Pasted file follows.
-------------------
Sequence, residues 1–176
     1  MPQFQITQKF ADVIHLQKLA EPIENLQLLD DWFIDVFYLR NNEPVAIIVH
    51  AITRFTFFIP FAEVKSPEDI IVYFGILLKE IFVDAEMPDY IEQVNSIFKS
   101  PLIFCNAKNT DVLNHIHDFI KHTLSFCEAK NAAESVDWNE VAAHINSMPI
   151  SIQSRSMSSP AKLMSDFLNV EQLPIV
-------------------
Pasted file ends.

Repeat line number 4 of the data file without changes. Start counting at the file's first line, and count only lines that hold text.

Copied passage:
   101  PLIFCNAKNT DVLNHIHDFI KHTLSFCEAK NAAESVDWNE VAAHINSMPI